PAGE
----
15 April 2007


Gregory Euclide grew up north of Milwaukee in a rural setting whose town he describes as one "that you might find under a christmas tree". Making a living as an artist and teacher, his works are multilayered landscapes within landscapes which are immediately stunning and bear the weight of prolonged inspection with numerous details and narratives.

He is also very open about his work and has on many occasions shared his processes both on his website and in interviews. I am very grateful to have had the opportunity to put my questions to him and feature his work on SiouxWIRE.

On your site and in interviews, you talk a lot about memories in regards to your work. Is there a particularly important memory from your childhood that has influenced your work?
Not one, many. I have a really bad memory. I think for several reasons. Yet I remember specific things really well. It is frustrating. I do not remember my childhood very well. But I remember spending a lot of time walking though fields and playing in forests. I was really lucky to live in a landscape that was full of rivers, ponds, forests, fields, and no other houses. Of course, all that land I used to move though is gone now. It has been converted to houses.

Can you tell us about your usage of layered materials?
I started by working with layers of acrylic sheet. Painting and drawing on paper, using implied depth was not enough for me. Yet, I liked the gesture of drawing. So, I did not want to loose that. I wanted real depth in a drawing. I was interested with the fact that, with the panes of acrylic, the viewers actual gaze is moving through planes. Physically seeing one first, then another, then another. I was using those layers to display meaning. Things that dealt with the micro, the macro and the familiar.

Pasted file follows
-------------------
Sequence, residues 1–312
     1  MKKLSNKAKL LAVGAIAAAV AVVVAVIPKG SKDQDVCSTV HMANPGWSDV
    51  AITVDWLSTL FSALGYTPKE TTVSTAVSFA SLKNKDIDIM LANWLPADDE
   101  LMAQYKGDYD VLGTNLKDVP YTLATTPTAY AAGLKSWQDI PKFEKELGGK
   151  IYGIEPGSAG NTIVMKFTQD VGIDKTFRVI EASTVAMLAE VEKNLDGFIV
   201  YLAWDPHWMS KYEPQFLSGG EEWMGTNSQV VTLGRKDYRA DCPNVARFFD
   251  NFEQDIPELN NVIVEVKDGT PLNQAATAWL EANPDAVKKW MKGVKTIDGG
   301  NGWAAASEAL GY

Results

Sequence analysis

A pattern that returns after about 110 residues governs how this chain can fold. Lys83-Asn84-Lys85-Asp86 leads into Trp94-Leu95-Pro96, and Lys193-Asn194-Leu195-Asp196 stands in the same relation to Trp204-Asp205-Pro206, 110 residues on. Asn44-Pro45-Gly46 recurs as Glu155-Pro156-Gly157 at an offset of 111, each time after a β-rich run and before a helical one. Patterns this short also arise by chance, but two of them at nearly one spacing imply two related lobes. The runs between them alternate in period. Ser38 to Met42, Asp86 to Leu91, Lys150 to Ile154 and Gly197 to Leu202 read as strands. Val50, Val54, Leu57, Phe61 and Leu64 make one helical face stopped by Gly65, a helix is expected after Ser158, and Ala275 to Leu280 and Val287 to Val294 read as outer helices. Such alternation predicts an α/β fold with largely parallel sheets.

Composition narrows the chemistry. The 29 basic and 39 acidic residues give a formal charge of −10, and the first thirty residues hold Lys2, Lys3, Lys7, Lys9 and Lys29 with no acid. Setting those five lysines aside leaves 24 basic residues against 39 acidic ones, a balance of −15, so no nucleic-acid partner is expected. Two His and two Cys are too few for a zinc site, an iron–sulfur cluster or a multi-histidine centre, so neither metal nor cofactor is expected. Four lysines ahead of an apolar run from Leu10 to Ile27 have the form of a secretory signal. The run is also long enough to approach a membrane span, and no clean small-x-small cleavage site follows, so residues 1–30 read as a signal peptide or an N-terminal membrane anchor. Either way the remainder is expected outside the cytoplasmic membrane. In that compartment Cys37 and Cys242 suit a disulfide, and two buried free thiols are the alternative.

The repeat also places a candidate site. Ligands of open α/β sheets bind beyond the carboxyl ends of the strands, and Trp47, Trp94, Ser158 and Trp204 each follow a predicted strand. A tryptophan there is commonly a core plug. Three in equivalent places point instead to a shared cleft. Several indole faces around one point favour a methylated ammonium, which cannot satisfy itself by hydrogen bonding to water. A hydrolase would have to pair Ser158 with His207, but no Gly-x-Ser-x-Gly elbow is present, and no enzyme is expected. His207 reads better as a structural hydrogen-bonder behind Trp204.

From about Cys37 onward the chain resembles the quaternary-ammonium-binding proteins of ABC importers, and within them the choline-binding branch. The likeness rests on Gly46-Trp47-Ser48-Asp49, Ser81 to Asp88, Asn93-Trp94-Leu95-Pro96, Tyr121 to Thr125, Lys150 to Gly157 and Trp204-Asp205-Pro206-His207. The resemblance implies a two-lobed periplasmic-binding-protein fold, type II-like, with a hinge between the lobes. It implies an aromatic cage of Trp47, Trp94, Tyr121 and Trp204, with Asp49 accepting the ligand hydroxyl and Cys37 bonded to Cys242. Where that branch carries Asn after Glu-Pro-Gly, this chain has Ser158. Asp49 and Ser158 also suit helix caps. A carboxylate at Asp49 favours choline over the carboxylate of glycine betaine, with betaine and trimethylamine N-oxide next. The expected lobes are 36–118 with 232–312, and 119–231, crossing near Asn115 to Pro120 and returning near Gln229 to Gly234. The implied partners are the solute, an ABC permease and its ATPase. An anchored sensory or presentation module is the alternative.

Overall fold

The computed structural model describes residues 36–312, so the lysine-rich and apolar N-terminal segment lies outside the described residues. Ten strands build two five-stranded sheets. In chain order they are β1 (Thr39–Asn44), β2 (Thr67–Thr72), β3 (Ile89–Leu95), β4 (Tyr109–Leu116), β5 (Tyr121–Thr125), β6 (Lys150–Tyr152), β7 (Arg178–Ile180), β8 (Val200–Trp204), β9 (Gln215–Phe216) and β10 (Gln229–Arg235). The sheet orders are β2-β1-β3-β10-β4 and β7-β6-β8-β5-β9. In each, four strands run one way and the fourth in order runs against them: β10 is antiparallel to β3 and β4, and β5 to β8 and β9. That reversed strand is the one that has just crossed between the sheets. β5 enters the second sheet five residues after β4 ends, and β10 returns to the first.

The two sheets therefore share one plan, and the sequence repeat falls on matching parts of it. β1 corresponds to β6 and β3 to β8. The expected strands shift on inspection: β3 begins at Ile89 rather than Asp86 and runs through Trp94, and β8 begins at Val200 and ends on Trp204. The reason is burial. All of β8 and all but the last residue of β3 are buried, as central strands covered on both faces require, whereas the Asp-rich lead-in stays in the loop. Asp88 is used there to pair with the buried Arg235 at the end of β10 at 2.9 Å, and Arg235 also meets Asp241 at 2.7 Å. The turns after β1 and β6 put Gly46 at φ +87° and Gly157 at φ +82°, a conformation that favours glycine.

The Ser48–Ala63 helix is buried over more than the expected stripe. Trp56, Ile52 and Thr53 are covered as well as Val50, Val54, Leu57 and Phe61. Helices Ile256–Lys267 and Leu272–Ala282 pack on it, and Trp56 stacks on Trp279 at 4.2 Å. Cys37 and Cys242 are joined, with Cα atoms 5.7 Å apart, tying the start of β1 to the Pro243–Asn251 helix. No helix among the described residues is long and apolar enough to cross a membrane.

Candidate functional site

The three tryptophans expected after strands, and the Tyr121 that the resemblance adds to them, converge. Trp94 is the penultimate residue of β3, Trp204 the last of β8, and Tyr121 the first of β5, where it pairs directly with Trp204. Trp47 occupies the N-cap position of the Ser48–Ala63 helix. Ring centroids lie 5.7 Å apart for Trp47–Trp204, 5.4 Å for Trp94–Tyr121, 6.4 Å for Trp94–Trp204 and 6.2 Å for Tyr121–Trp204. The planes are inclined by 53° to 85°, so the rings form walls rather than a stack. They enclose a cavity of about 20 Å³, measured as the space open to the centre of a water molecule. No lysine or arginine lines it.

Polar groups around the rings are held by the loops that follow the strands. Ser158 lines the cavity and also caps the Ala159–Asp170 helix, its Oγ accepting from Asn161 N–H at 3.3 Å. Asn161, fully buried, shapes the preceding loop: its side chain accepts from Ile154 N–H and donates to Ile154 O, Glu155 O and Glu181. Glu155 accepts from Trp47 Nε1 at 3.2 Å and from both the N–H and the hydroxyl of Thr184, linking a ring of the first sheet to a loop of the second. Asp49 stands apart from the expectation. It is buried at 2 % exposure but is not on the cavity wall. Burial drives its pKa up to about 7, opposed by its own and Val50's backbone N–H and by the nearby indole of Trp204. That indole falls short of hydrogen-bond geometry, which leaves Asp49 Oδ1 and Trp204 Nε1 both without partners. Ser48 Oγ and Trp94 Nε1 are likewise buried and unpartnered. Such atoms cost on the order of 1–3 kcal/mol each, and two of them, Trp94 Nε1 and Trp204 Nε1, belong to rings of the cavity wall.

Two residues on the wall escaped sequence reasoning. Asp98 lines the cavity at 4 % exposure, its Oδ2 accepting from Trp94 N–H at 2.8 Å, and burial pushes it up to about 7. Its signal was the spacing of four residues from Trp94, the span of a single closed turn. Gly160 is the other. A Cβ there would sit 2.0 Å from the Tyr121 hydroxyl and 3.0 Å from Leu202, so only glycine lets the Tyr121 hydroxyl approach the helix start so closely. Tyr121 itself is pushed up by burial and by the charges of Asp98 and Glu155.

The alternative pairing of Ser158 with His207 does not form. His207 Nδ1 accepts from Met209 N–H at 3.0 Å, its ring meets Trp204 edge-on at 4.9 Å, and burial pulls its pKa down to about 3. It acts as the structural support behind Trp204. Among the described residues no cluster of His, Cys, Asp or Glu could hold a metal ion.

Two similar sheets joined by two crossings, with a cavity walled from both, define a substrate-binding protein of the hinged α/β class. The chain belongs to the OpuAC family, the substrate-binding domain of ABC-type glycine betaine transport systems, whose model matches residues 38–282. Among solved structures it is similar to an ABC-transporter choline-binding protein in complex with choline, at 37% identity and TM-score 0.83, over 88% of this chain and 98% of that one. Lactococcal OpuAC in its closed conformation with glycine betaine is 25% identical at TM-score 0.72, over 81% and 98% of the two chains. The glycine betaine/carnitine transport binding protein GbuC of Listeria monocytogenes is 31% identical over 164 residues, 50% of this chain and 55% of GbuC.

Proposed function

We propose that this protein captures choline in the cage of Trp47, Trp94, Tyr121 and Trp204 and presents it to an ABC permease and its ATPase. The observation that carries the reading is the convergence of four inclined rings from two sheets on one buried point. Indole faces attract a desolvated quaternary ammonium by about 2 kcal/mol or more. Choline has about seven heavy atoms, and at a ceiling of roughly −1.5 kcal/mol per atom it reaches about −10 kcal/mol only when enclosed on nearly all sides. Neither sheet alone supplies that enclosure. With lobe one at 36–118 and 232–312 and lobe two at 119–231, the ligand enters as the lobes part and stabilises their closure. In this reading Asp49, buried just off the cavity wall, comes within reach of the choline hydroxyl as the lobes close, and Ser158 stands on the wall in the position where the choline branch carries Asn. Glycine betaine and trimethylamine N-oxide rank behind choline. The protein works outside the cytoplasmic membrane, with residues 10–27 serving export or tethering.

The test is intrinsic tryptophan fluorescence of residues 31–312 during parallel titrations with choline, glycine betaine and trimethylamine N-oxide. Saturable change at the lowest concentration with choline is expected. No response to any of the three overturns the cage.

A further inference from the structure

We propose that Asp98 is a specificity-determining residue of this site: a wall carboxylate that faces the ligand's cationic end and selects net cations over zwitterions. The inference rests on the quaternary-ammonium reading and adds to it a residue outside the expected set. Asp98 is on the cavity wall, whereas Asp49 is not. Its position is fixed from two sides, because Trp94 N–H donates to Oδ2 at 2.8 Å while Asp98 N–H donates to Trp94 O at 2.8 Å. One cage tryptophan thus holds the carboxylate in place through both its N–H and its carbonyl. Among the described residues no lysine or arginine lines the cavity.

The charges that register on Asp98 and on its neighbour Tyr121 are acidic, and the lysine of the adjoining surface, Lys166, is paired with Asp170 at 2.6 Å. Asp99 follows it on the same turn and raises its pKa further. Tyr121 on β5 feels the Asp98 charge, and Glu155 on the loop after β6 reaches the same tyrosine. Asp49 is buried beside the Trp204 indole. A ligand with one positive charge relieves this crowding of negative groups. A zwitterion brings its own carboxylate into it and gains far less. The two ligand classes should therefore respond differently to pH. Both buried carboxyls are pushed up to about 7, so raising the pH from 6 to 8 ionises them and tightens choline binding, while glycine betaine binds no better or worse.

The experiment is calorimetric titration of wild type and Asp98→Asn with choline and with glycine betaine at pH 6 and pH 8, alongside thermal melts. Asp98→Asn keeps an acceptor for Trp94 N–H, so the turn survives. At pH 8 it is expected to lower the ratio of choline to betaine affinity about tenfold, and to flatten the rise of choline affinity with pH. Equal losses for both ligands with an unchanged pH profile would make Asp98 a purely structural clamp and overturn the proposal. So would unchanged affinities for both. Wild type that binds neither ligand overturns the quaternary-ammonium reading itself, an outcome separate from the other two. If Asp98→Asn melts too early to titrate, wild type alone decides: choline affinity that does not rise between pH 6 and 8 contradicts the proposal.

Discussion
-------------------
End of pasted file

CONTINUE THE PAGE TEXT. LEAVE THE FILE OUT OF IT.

Now, I don't think about the mixing or layering of materials. It is simply a question of "what needs to be there?" or "what is the best solution for this image I am looking for?"

When I look at your work, I feel a hint of an oriental influence or Francis Bacon; is oriental watercolour or Francis Bacon among the artists you admire?
I don't know a lot about Bacon. I have seen his shows when I was younger, and have seen many of his works, But I can not say he is an influence. The Oriental landscapes are. It is as if you feel really strongly about something and then you see it there in a museum... it is a comforting feeling. I do not study them. I do not even know the name of a painting or painter, but that is not important to me. It is important that when I see them I feel confirmation. I agree with their structure.

"...none of the works are really about specific places or anything specific at all..."

Can you tell us about your approach to naming your pieces?

Titles are difficult for me, and fun at the same time. Since none of the works are really about specific places or anything specific at all, it becomes difficult to figure out what is unique in the work, from a creation standpoint. It is like kissing, let's say. If you have to name each kiss you gave to someone it would be hard. Every time you kiss you do it for a reason, but you may not have a title for it, or a specific reason. Yet, you do it again and again, as maybe a testament or a symbol.
So, the titles come afterwards, as I am looking at them thinking, "How is this one different than that one?"

Recently, your works have been expanding beyond the canvas into three dimensions and you’ve been using new materials; what do you feel are the differences between these pieces and those created with your established methods in terms of expression?
I just spent a couple weeks revising my artist statement and there is a paragraph which deals with that. I will paste it in here: I Have Made A Significant Move From Line That Describes Movement On A Flat Plane To Line That Defines Forms In Space. There Is Now An “Experience” Of Viewing The Work That Does Not Allow It To Be Viewed From One Vantage Point. One Must Move Through The Work And Investigate Its Isolated Areas. Structurally, It Is Important To Me That The Viewer In The Gallery, Embark On A Process Of Discovery Similar To My Own Within The Landscape. The Contrast Between Flat, Pictorial Space And The Deep Space Of The Exploded Forms Establishes A Relationship Between The Real Environment And Landscape Painting As A “Window To The World.”

Deeper Folds I Have Been Into

"Art is communication, and to do it from behind a wall seems funny to me."